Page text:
Colorado student debt bill sent to kill committee
DENVER — Democratic leadership in both chambers of the Colorado General Assembly made it clear as the session opened last week that tackling mounting student loan debt would be a major priority. At first blush, however, the issue doesn’t appear to be gaining the bipartisan traction it will need to pass in a split legislature.
SB 68, a measure that would create a state tax deduction for student loan debt and also cap interest rates on private loans, has been assigned to the state affairs committee. This in contrast to other education issues such as reducing standardized testing, which has fairly robust bipartisan support and has already yielded two bills headed for the education committee.
“We are working to make college more affordable for middle class families, fighting for what is right and fair,” said sponsor Sen. Nancy Todd, D-Aurora, in a release about the bill. “Having taught for over two decades, it is difficult to see students take on heavy debt to continue their education after high school.”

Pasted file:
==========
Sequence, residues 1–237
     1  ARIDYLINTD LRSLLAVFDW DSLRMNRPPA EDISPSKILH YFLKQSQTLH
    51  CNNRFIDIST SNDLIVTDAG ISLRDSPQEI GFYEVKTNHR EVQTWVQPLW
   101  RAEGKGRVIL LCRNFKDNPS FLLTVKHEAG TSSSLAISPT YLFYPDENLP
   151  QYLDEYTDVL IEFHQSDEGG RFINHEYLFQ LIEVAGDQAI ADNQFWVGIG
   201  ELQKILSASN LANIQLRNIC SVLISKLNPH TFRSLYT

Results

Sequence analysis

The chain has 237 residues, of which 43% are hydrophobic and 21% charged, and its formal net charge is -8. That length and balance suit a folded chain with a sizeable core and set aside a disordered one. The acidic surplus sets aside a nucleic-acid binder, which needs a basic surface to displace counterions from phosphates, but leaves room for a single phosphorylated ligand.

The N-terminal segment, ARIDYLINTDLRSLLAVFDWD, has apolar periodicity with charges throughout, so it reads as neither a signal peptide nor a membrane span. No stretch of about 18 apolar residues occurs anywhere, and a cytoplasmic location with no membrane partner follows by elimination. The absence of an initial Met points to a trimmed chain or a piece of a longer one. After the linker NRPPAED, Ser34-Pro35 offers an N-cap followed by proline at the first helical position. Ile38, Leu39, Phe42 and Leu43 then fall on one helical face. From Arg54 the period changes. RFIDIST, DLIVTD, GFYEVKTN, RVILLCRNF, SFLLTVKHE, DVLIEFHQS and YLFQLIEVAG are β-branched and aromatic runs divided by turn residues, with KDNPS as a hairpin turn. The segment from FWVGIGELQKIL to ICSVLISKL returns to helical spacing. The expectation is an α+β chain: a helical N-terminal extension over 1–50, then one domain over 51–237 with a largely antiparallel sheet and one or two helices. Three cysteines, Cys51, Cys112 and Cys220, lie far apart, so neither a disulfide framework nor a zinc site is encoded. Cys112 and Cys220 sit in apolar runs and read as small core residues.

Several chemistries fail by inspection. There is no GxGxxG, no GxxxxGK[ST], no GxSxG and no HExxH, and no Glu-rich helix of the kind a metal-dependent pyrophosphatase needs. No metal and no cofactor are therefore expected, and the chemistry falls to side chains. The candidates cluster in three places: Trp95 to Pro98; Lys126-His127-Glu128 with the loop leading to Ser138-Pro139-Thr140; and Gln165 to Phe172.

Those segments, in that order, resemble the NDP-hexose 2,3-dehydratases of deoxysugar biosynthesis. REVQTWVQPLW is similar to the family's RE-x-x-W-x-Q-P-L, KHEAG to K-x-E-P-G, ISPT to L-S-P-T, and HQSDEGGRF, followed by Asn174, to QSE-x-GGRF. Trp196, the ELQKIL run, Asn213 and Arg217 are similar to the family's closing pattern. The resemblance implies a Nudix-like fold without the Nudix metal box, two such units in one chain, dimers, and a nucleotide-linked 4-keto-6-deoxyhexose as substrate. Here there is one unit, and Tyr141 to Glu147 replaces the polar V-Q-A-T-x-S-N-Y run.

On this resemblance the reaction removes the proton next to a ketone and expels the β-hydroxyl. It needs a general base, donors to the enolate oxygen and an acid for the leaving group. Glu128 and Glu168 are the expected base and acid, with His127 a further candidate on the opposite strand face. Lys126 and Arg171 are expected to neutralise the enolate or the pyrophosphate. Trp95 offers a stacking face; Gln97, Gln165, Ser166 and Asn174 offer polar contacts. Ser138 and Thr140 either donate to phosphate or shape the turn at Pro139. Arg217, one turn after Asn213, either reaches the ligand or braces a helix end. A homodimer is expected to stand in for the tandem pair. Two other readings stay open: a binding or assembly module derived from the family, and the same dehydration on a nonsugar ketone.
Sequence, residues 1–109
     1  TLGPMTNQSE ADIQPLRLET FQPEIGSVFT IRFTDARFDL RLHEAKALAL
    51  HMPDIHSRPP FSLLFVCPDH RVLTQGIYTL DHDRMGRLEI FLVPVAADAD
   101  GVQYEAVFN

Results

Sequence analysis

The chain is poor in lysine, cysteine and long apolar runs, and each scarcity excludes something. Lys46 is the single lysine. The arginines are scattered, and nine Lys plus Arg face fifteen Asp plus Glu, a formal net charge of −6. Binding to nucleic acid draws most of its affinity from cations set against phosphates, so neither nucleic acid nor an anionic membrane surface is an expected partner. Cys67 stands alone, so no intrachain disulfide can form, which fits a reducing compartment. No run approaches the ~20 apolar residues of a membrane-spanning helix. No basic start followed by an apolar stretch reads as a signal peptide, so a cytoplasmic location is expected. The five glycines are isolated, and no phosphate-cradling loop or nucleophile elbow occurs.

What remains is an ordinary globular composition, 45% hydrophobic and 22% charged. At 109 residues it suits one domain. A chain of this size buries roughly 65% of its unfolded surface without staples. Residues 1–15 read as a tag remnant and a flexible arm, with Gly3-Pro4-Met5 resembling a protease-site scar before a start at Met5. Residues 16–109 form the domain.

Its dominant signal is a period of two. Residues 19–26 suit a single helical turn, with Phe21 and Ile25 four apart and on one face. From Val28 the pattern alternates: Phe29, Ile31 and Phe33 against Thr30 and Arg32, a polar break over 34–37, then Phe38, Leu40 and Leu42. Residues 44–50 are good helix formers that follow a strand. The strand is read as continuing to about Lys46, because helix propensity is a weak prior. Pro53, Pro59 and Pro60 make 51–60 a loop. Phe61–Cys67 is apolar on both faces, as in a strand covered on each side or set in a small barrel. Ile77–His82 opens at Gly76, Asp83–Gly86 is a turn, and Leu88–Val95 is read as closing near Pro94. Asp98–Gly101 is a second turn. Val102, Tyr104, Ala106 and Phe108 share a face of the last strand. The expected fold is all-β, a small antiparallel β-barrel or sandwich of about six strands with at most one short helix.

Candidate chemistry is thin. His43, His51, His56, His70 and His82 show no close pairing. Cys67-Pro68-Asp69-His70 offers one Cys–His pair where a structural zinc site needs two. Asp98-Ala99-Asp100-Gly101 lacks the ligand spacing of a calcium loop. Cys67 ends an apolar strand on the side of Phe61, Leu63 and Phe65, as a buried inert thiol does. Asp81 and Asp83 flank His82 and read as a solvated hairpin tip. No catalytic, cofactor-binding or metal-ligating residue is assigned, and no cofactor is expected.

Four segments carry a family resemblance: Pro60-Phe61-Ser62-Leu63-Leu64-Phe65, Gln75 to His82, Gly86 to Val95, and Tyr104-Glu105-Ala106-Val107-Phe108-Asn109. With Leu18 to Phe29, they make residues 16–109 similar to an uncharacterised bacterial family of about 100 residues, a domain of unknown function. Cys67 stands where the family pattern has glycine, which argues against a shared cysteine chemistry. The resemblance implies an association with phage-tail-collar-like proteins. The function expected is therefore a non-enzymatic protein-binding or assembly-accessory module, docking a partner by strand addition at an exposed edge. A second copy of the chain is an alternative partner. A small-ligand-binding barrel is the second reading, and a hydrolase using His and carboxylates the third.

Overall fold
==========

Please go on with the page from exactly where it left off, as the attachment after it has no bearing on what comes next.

The measure’s co-sponsor, Sen. Matt Jones, D-Louisville, noted that 70 percent of students who graduate from public schools in Colorado leave with debt — an average of $26,000 for a bachelor’s degree. They would enjoy some relief next year if the bill passes.
“The savings would be in the hundreds of dollars, but when you’re in tight circumstances that’s a lot of money,” said Jones.
In addition to creating a tax deduction for those already in debt, the bill would also cap future private student loans at 2 percent above the federal interest rate. Jones said he’s willing to negotiate on this if his colleagues have alternative ideas, but he does think a cap is in order.
“Private debt goes up to 18 percent right now, it’s like a credit card,” he said. “Meanwhile banks are getting money from the feds for less than 1 percent.”
Jones said he was disappointed the bill is heading to the legislative dungeon that is the state affairs committee but that he still holds out hope for the measure.
“It was pounded into me as a kid that the way you get ahead in life is you go to college, you apply yourself and you achieve a better life. That is going away in our country and one big reason is all the student loan debt. It’s so much harder to get a degree now,” he said. “People are going to have to make a choice about whether they’ll vote for regular people or not.”
[Photo by Jagz Mario.]
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